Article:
Programme and progress: A literature review is underway and project designs for subsequent stages are being developed. Small scale drying tests have been carried out on samples of brick and lime plaster. Preliminary results indicate that lime plasters and traditional handmade bricks dry at similar rates.  This suggests that the removal of lime plasters would not assist walls to dry after flooding.  An interim research report is due for publication in July 2018

Larger scale laboratory-based experiments are being carried out at Sheffield Hallam University to investigate the rates of wetting and drying of brick walls subjected to flooding.  The project will also look at the effects of various wall finish, including plasters and renders, and assess optimum environmental conditions for drying.  An interim research report is due for publication later this year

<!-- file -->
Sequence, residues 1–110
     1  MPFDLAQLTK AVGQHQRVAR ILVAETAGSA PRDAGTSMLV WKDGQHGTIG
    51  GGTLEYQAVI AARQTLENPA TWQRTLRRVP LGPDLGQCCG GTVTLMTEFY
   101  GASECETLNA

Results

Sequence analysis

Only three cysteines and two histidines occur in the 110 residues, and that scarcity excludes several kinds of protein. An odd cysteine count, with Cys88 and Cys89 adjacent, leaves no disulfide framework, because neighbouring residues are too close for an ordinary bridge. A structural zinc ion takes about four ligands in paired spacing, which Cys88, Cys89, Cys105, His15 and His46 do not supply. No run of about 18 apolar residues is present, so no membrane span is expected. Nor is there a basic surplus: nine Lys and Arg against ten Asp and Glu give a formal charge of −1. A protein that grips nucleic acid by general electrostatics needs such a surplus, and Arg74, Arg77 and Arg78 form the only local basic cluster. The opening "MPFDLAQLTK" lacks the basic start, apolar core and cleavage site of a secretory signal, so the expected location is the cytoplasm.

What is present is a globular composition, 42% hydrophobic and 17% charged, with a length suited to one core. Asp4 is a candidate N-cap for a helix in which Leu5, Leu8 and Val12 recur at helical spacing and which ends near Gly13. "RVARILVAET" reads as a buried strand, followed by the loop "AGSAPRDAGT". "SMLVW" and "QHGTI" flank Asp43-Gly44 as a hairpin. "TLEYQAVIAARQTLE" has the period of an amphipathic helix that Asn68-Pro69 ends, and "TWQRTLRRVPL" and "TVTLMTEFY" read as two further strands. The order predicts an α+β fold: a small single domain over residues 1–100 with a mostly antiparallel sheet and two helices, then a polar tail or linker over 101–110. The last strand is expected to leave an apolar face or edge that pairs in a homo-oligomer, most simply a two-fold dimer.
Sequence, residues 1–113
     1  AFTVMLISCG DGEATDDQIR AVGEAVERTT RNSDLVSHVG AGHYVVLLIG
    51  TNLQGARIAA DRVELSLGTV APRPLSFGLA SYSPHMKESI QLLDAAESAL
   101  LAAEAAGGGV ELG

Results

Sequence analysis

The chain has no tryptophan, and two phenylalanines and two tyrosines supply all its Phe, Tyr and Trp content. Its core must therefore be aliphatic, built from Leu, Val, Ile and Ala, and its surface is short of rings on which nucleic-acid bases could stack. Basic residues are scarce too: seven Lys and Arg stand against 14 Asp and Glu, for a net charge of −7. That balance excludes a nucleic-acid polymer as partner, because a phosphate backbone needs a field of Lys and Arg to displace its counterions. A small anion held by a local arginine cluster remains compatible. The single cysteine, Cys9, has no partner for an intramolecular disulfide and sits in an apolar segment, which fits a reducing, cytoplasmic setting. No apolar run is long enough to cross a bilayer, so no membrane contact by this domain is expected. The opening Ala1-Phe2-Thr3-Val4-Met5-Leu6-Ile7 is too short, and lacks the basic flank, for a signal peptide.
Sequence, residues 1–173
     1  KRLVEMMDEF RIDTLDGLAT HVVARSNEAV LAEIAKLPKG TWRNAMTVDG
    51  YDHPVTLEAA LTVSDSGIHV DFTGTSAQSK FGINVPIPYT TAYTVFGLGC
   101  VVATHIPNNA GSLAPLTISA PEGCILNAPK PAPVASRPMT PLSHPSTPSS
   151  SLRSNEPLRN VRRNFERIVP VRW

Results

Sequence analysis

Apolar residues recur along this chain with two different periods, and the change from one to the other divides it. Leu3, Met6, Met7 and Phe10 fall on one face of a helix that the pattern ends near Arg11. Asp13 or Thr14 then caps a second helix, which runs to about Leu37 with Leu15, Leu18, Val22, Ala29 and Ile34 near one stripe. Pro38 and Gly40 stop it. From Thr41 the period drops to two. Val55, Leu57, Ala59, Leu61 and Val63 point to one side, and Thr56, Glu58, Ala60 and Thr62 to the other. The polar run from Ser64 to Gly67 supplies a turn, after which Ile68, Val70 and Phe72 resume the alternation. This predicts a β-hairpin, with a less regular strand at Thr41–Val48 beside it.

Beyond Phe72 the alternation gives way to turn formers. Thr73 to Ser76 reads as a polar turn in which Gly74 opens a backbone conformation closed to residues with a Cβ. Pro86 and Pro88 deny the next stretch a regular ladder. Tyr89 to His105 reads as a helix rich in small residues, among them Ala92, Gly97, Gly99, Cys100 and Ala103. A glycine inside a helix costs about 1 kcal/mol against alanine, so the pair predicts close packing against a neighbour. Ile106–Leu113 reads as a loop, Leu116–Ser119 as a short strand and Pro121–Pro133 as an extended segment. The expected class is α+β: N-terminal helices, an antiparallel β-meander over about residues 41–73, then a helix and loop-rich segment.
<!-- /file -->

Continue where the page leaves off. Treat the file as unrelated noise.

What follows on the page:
Read more about flood recovery and remediation
:

Read the research reports on:

An analysis of drying data from a medieval hall after flooding - Research report front cover
Image of a flooded shop in Shrewsbury, West Midlands
A flooded shop in Shrewsbury, West Midlands © Paul Gendell

Fires in thatched roofed buildings

Since the 1990s, the number of thatch roofed buildings destroyed by fire has risen significantly. In the past decade, as many as 450 thatch-roofed buildings in England have been damaged or even destroyed by fire. Evidence strongly suggests that this is related to the increasing popularity of wood burning stoves. Recent studies have shown that these types of stove are more likely to cause fires in thatch roofs than other forms of heating, including traditional open fires. However, the actual method of thatch ignition has been the subject of controversy. Early research suggested that fires might be caused by heat transferred by conduction through the chimney stack to the thatch. However in the late 2000s, forensic investigators noted that many fires could not be explained by the ‘heat transfer’ method. It was clear that more research was needed to understand the threats that wood burning and multi-fuel stoves pose to thatch roofs and how risks might be reduced.